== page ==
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SEVERE GEOMAGNETIC STORM IN PROGRESS: A severe G4-class geomagnetic storm is in progress on June 22nd. This follows a series of rapid-fire CME strikes to Earth's magnetic field during the past 24 hours. Magnetic fields in the wake of the latest CME are strongly coupled to Earth's own magnetic field. This is a condition that could sustain the geomagnetic storm for many hours to come. High- and mid-latitude sky watchers should be alert for auroras tonight, especially during the hours around local midnight. Aurora alerts: text, voice
EARTH-DIRECTED SOLAR FLARE, RADIO BLACKOUT: Sunspot AR2371 has erupted again, producing a strong M6.5 class solar flare. NASA's Solar Dynamics Observatory captured the flare's extreme ultraviolet flash on June 22nd at 18:23 UT:
X-ray and UV radiation from the flare ionized the upper layers of Earth's atmosphere, producing a moderately-strong blackout of shortwave and low-frequency radio signals over North America. The North American blackout is subsiding now. An even deeper radio blackout is still underway around both of Earth's poles. This is due to solar protons and electrons being funneled into the polar regions by Earth's magnetic field. A blackout map from NOAA shows the geographical distribution of the radio disturbances. Solar flare alerts: text, voice
Realtime Aurora Photo Gallery
NEUTRONS IN THE STRATOSPHERE: For nearly two years, Spaceweather.com and the students of Earth to Sky Calculus have been using helium balloons to monitor X-rays and gamma-rays in the stratosphere. Their successful program has detected multiple radiation events in response to solar storms. On June 18th they added something new. For the first time, the group's Space Weather Payload included a bubble chamber for measuring neutrons. The device flew 109,012 feet above California's Sierra Nevada mountain range, then parachuted back to Earth, landing near Death Valley National Park. The results: Neutrons were detected.
Circled above are some of the bubbles that formed as neutrons passed through the chamber. By counting the bubbles, it is possible to estimate the total dose of neutron radiation absorbed during the 3 hour flight. The answer is 600 microRads (energy range 200 keV - 15 MeV). Interestingly, this is almost the same dose detected by onboard X-ray and gamma-ray sensors: 620 microRads (energy range 10 keV to 20 MeV). Lesson: if you only count X-rays and gamma-rays, then you are missing at least half of the radiation in the atmosphere. Neutrons matter, too.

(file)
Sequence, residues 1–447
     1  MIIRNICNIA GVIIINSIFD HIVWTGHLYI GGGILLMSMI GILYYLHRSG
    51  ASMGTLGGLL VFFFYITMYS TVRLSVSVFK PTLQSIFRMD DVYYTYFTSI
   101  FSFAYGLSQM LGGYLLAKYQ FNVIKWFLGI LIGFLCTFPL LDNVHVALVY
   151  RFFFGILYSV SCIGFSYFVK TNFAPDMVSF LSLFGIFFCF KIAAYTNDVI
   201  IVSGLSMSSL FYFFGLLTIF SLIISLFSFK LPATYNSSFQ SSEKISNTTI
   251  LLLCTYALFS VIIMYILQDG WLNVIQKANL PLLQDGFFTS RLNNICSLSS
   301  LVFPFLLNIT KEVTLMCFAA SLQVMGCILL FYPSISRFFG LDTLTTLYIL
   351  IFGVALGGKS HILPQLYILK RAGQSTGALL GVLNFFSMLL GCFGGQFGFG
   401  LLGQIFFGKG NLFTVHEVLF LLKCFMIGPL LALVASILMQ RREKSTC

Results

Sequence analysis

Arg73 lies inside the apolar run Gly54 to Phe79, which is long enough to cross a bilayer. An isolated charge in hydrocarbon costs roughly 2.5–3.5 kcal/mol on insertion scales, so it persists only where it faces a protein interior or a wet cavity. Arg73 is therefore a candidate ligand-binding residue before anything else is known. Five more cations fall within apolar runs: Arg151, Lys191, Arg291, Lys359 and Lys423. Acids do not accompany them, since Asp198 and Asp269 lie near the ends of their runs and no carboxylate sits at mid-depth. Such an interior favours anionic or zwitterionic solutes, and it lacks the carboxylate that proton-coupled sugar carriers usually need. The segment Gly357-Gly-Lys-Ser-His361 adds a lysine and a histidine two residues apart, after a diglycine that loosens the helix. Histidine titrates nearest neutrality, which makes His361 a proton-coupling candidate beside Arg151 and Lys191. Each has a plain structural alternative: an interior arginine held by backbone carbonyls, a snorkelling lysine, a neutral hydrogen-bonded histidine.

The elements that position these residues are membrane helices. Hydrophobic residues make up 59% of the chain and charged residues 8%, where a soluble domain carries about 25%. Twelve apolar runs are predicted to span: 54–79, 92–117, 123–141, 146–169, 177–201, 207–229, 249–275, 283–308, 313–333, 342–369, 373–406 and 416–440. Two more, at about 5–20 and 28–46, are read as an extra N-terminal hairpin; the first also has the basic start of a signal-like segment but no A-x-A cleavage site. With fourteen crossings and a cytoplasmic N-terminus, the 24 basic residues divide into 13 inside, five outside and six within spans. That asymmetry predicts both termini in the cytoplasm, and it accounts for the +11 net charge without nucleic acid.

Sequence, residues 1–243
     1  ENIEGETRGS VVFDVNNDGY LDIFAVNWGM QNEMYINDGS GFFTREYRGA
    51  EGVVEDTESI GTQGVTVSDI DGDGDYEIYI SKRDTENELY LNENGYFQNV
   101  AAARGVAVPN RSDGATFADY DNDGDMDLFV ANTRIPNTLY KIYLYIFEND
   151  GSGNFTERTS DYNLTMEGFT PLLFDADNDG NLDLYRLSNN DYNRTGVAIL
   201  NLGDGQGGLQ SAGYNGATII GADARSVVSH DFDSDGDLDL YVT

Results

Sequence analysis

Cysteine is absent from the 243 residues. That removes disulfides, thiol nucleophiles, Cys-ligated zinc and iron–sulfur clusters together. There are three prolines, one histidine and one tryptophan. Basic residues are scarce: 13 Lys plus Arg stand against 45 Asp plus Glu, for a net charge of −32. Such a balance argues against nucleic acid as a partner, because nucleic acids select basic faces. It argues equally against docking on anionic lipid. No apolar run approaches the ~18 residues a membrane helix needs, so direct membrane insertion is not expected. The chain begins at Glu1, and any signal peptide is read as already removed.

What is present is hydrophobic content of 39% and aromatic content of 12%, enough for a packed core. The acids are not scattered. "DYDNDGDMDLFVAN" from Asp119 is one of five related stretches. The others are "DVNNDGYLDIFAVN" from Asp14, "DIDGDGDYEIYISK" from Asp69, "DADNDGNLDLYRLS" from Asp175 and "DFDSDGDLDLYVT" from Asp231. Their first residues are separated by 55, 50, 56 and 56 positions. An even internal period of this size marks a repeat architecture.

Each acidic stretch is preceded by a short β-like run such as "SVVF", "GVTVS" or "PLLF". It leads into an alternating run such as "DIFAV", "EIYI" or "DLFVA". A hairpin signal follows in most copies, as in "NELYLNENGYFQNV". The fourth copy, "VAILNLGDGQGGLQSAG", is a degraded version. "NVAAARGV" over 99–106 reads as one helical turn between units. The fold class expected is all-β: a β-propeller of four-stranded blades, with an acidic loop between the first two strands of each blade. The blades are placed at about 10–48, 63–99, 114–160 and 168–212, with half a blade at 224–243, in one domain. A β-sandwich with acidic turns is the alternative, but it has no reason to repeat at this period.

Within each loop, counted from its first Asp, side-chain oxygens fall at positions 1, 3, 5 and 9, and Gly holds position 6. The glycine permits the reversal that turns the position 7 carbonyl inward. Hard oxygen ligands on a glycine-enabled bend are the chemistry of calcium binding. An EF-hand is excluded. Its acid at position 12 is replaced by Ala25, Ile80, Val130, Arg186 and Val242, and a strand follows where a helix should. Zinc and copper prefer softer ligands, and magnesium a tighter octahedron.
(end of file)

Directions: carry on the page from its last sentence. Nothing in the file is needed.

Indeed, neutrons are a very important form of cosmic radiation, providing much of the biologically effective radiation dose at altitudes of interest to aviation and space tourism. Low-energy neutrons also cause single-event upsets in aircraft avionics, especially devices that contain Boron 10. Adding a neutron sensor to the Space Weather Payload allows the students to monitor this type of radiation at altitudes ranging from ground level to 120,000 feet.
Realtime Space Weather Photo Gallery
SUNSET SKY SHOW--IT'S NOT OVER YET: All weekend long, people around the world watched with pleasure as Venus, Jupiter, and the slender cresent Moon converged in the sunset sky. Pavel Gabzdyl photographed the triangular conjunction over Brno, Czech Republic:
"The three bright lights were visible even before the sun set," says Gabzdyl. "We could not take our eyes off of them."
As the new week unfolds, the Moon is moving away from the planets--but the show is far from over. In the evenings ahead, Venus and Jupiter will draw closer and closer to one another. On June 30th, they will be a whisper-thin 1/3rd of a degree apart. You'll be able to hide the pair behind your little pinky finger outstretched at arm's length. Such a close pairing of bright planets is truly mesmerizing. Mark your calendar and enjoy the show!
Realtime Space Weather Photo Gallery
Realtime NLC Photo Gallery
Realtime Sprite Photo Gallery
Every night, a network of NASA all-sky cameras scans the skies above the United States for meteoritic fireballs. Automated software maintained by NASA's Meteoroid Environment Office calculates their orbits, velocity, penetration depth in Earth's atmosphere and many other characteristics. Daily results are presented here on Spaceweather.com.
On Jun. 22, 2015, the network reported 34 fireballs.
(32 sporadics, 1 Daytime Arietid, 1 Northern June Aquilid)
In this diagram of the inner solar system, all of the fireball orbits intersect at a single point--Earth. The orbits are color-coded by velocity, from slow (red) to fast (blue). [Larger image] [movies]
Potentially Hazardous Asteroids (PHAs
) are space rocks larger than approximately 100m that can come closer to Earth than 0.05 AU. None of the known PHAs is on a collision course with our planet, although astronomers are finding new ones
all the time.
On June 22, 2015 there were potentially hazardous asteroids. Notes: LD means "Lunar Distance." 1 LD = 384,401 km, the distance between Earth and the Moon. 1 LD also equals 0.00256 AU. MAG is the visual magnitude of the asteroid on the date of closest approach.
| ||The official U.S. government space weather bureau |
| ||The first place to look for information about sundogs, pillars, rainbows and related phenomena. |
| ||Researchers call it a "Hubble for the sun." SDO is the most advanced solar observatory ever. |
| ||3D views of the sun from NASA's Solar and Terrestrial Relations Observatory |
| ||Realtime and archival images of the Sun from SOHO. |
| ||from the NOAA Space Environment Center |
| ||the underlying science of space weather |
| ||Web-based high school science course with free enrollment |